The opinion of the court was delivered by: David G. Larimer, United States District Judge
Petitioner Eugene S. Hutchings ("Hutchings") filed this petition pro se for a writ of habeas corpus pursuant to 28 U.S.C. § 2254 challenging his conviction based on a guilty plea in Monroe County Court on one count of Assault in the First Degree.
On the night of December 29, 1997, while visiting complainant Joseph Baker ("Baker") in his home, Hutchings stabbed Baker in the neck and face several times, nearly severing his carotid artery. Hutchings was indicted in Monroe County Court (Bristol, J.) on February 17, 1998, and charged with one count of Intentional Assault in the First Degree (Penal Law § 120.01(1)) and one count of Reckless Assault in the Second Degree (Penal Law § 120.05(4)).
A jury trial commenced a few months later on May 4, 1998, but it ended in a mistrial, on defendant's motion, due to an incident that occurred during voir dire. The next day, however, Hutchings appeared before Monroe County Court Judge William Bristol and pleaded guilty to assault in the first degree in satisfaction of the indictment. As part of the plea agreement, Judge Bristol agreed to sentence Hutchings to a term of ten years imprisonment. When Hutchings appeared for sentencing on May 22, 1998, he attempted to withdraw his guilty plea. Sent. Tr. at 2-3. Judge Bristol denied the motion and proceeded to conduct a sentencing hearing. That hearing was later adjourned for several weeks to June 2, 1998 for a predicate felony hearing since Hutchings had refused to admit his 1998 felony conviction of burglary in the first degree. At the hearing, Hutchings apparently had a change of heart and did admit that he had been previously convicted of a felony. Predicate Felony Hrg. Tr. at 4-5. At that time, Hutchings admitted to Judge Bristol his guilt on the first degree assault charge, and Judge Bristol sentenced Hutchings to the agreed-upon ten year sentence.
Hutchings appealed his conviction to the Appellate Division, Fourth Department on June 3, 1998, raising the same four issues that he now raises in this habeas petition: (1) his trial counsel was ineffective because he failed to make a timely motion pursuant to New York Criminal Procedure Law ("CPL") § 210.35 to have the indictment dismissed ("Claim One"); (2) the indictment was defective because Hutchings was denied his right to testify before the Grand Jury ("Claim Two"); (3) the trial court erroneously ruled on his Sandoval*fn1 motion ("Claim Three"); and (4) the trial court abused its discretion in declining to allow him to withdraw his guilty plea ("Claim Four").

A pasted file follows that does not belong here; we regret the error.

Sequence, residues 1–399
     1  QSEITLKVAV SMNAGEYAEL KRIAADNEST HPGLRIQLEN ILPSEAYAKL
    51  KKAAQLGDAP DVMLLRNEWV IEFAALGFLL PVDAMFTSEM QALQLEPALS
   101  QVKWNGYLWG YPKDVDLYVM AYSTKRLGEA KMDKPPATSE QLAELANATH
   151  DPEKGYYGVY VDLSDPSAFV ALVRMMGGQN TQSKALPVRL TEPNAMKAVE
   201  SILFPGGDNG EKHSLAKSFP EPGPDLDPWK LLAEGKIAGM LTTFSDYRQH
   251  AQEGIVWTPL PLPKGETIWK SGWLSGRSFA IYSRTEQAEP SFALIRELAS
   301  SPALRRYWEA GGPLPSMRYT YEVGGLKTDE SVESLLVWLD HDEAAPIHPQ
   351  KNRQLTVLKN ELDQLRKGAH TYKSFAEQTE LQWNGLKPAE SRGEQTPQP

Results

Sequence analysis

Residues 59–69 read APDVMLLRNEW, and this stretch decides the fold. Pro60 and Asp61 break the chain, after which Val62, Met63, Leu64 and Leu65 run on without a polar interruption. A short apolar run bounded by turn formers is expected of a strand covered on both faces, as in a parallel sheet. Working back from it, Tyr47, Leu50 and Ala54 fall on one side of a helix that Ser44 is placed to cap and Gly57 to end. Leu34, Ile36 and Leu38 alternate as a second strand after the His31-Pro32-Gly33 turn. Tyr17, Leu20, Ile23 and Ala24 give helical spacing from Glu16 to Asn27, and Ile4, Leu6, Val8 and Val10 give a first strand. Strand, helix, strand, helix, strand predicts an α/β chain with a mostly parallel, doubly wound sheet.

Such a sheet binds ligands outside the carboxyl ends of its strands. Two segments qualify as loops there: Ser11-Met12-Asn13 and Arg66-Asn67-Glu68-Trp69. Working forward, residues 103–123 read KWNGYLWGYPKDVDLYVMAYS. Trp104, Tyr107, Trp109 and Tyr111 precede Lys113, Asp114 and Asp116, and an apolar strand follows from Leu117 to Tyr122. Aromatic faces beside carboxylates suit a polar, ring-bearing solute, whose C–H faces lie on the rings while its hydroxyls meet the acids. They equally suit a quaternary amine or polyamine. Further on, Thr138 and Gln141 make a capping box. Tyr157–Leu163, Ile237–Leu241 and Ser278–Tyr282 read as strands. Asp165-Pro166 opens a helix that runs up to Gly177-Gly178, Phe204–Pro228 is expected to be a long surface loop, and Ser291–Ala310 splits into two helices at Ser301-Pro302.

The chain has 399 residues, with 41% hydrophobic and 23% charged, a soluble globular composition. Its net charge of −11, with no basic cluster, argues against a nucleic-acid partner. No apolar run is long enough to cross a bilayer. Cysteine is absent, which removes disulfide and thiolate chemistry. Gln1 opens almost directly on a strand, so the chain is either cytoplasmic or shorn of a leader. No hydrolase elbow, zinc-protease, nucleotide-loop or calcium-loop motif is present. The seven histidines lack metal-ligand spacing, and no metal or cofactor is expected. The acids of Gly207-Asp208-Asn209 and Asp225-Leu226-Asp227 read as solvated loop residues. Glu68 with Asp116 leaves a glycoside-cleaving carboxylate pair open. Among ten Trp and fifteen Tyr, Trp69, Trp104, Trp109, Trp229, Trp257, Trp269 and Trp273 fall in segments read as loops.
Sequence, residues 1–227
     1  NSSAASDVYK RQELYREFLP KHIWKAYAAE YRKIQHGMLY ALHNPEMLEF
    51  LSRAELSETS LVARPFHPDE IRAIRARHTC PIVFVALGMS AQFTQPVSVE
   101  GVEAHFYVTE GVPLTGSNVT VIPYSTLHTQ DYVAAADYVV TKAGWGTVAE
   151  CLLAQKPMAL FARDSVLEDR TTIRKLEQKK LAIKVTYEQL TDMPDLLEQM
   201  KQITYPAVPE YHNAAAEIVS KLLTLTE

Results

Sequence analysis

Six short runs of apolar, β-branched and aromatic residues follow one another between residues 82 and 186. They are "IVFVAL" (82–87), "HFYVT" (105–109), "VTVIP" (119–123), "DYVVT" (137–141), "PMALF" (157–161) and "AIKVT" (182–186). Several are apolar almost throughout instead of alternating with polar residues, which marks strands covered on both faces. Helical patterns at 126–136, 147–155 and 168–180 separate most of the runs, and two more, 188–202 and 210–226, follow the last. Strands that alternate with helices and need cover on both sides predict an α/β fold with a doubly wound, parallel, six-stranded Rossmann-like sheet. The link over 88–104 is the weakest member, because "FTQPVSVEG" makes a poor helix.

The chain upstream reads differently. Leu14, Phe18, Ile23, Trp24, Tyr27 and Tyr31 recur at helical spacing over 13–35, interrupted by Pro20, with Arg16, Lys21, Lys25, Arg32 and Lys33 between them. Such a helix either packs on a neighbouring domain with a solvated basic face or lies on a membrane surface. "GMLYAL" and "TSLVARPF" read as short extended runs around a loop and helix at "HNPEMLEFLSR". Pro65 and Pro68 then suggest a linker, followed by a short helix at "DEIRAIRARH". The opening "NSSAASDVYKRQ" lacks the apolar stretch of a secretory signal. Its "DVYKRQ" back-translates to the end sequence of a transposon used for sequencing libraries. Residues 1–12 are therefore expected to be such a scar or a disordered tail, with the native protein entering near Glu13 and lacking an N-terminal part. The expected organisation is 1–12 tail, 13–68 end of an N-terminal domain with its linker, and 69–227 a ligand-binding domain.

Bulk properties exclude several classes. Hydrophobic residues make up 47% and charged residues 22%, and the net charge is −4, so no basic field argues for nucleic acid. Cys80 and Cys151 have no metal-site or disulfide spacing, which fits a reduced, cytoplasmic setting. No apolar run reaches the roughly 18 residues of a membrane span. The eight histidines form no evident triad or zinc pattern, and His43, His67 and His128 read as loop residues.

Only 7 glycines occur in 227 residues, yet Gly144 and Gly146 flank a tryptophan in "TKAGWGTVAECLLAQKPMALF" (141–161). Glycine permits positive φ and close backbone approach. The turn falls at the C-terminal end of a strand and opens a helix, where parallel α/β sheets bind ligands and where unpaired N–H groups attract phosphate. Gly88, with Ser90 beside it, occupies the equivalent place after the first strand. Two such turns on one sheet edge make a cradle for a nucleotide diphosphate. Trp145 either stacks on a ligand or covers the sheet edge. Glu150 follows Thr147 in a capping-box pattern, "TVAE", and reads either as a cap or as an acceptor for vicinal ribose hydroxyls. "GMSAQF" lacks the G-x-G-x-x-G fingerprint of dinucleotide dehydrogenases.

The Appellate Division, Fourth Department unanimously affirmed his conviction, People v. Hutchings, 263 A.D.2d 965 (4th Dept. 1999), and the Court of Appeals denied leave to appeal, People v. Hutchings, 93 N.Y.2d 1044 (1999).
Hutchings filed a CPL § 440.10 motion to vacate his conviction on September 21, 2000. The sole ground alleged was that his trial counsel was ineffective for failing to move pursuant to CPL § 220.60(3) to withdraw Hutchings' guilty plea. The County Court denied the motion without opinion on October 26, 2000, and the Fourth Department denied permission to appeal on April 10, 2001. This habeas petition followed. For the reasons set forth below, Hutchings' § 2254 petition is dismissed.